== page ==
Most people struggle just to handle one startup at a time. What drives you to take on so many?
The way I look at these companies is almost like I think of children growing up: The first year or two, they need a lot of nurturing; a couple of years later they need less. And when they are grown up, they may or may not want anything to do with their father. My only goal for the companies – just as it is for my three children, two sons and a daughter – is to make sure they’re happy. I just want the companies to be happy and do good, and the people there to be happy.
Do your children resent that they have to share you with your companies?
My children are 27, 30, and 31, so they are grown up now, but I still spend a lot of time with my children and my wife. That’s the most important thing to me. Time with them and my students…
All those years of research, writing thousands of articles, even if they are co-written, filing patents – and still finding time for a private life and your children seems a daunting task…
I’m very lucky – my wife Laura supported me a great deal. When the kids were little, she told me, I want you home by seven every night to help put them to bed and tell them stories. And I love that, I loved spending time with my kids. I work very hard, but I actually don’t do much else: I either work, or spend time with my family. It’s not like I hang out with the guys and play poker or something like that.
I guess you’ve already been vaccinated against Covid-19?
Just out of curiosity: What kind of shot did you get?
Moderna, of course!
Well, not everybody has a choice. Would you have concerns about other vaccines?
I don’t have anything against the other vaccines, but I think the data on the safety and efficacy of the Pfizer and Moderna vaccines have been truly remarkable.
These vaccines are more than 90 percent effective. By the same metric, these numbers are far above those of the annual flu vaccines. Is this due to the use of mRNA – or is it because we just put a more concerted effort into creating more efficient vaccines, given the current circumstances?
A good question – but one to which I don’t know if there’s a complete answer. First, there’s identifying how you’re going to stop the virus. For this, you’re going after the spike protein. Secondly, you’re using messenger RNA. Thirdly, you’re using nanoparticles as a delivery system, which may be a much more efficient delivery system in terms of getting into cells and lasting longer. I would point out those three things, whereas with the flu, they’re growing things in eggs to make proteins, and the targets change pretty substantially each year. So there are a lot of differences, but breaking down the individual contributions, that’s hard to do.
But will it be a game changer? Will all future vaccines have to be made like the Covid vaccines, rather than taking basically inactivated viruses and growing stuff in eggs?
When you hear “95 percent effective”, to me that isn’t even the most important number
I think that from what we’re seeing, messenger RNA has to be a way of the future. The data is excellent. When you hear “95 percent effective”, to me that isn’t even the most important number. It’s that, in the clinical trials, not a single person was hospitalized with Covid-19 after the vaccination – out of thirty thousand. You don’t need to be a genius to figure out just how important and special that was, after so many people had died.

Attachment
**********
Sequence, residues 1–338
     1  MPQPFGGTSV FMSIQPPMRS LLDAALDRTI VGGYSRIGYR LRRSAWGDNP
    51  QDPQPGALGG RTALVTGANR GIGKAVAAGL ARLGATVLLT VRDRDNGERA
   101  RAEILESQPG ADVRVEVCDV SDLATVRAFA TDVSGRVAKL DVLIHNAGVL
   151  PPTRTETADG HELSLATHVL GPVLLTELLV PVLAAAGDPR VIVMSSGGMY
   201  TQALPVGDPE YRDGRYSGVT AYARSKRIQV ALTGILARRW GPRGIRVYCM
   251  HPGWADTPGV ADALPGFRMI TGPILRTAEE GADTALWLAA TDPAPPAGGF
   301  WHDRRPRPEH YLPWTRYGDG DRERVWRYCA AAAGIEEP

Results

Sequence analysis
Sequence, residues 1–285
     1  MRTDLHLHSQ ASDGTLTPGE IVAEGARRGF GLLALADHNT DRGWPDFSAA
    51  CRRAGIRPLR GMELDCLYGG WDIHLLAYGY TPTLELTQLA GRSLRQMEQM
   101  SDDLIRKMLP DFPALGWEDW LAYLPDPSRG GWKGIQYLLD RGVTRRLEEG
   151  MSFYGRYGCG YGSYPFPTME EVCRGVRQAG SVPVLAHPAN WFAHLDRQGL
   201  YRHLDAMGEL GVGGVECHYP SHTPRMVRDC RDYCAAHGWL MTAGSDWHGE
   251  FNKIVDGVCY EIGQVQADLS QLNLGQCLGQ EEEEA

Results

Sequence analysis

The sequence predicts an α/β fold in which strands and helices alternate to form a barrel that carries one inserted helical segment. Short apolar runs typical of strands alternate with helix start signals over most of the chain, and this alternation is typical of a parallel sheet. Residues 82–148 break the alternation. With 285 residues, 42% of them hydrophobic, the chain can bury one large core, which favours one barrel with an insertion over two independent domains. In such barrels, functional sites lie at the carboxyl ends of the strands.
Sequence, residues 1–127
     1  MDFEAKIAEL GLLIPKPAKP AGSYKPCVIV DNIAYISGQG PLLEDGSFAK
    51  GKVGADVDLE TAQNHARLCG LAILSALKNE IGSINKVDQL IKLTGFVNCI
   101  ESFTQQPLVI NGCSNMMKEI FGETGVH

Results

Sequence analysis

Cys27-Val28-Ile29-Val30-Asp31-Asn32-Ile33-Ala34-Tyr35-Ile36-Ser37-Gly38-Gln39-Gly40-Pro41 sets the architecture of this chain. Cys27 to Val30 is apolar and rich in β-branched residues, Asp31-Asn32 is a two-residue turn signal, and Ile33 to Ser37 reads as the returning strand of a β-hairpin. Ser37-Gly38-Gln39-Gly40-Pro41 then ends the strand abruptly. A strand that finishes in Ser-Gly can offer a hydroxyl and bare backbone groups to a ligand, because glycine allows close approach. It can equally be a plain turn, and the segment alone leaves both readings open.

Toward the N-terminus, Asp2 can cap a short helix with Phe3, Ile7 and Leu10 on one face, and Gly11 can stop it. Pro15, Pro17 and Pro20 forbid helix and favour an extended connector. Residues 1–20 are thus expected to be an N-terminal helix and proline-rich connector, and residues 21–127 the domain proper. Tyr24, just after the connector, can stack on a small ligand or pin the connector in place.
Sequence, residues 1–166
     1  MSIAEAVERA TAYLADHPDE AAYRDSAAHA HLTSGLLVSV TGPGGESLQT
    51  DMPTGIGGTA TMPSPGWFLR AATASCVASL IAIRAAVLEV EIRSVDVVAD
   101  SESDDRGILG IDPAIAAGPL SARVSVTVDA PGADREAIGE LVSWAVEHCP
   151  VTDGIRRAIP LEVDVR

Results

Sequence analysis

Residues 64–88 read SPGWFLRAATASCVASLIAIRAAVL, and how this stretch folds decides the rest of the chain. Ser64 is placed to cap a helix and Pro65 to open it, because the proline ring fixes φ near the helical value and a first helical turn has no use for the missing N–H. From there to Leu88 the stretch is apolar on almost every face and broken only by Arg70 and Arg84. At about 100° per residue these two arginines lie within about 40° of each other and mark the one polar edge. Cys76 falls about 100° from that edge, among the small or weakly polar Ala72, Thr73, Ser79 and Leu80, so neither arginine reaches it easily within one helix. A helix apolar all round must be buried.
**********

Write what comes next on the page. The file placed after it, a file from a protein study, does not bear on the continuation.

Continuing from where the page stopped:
And that it was accomplished so fast…
A lot of people seem to think that this happened out of the blue. But it was actually already the ninth vaccine Moderna entered into clinical trials. And the data from many of the other vaccines was very good too.
Are they also against the coronavirus?
No, against many other diseases: cancer vaccines for example, but there’s a whole bunch – Epstein-Barr, CMV (Cytomegalovirus), Zika, flu… I think RNA vaccines will be a huge deal.
A substantial subset of the population refuses to take a Covid-19 vaccine. Maybe this also has to do with the fact that it is actually based on something genetic, on RNA, rather than on conventional methods of immunization.
I think there’s a couple things that I could point to, but I don’t know the answer for sure. First, there’s a large percentage of people who are concerned about vaccines in principle – antivaxxers. And to these, it doesn’t matter whether it’s a dead virus or messenger RNA or DNA ‒ they won’t get vaccinated with anything. But are other people going to be more concerned about RNA or DNA? I would guess that’s just a small percentage, because they don’t necessarily understand it.
One would think that the media could do something about this…
I think the press was really negative about all this. There was one journalist who wrote one negative article after the other, basically saying that none of this stuff would work. The Boston Globe published an article with a photo of me, saying this isn’t how you do science. I don’t want to generalize, because a lot of the media are really good and they care, but you know, some are more interested in selling newspapers and sensationalism – it’s just really unfortunate.
But they do have a point: The vaccines were released without following the strict scientific process of randomized, double-blind clinical tests and peer review before publishing – which led to criticism from within the field. Maybe the disagreement on formal aspects of the research has been misinterpreted or misconstrued as disagreement on the substance of the research?
Well, I agree with you on that. But some of these people in the press are smart enough to know better – I think they just don’t care, or maybe they know better and do what they do anyway, because they feel it will build their reputation.
So why don’t you briefly explain to our readers how mRNA works as a vaccine?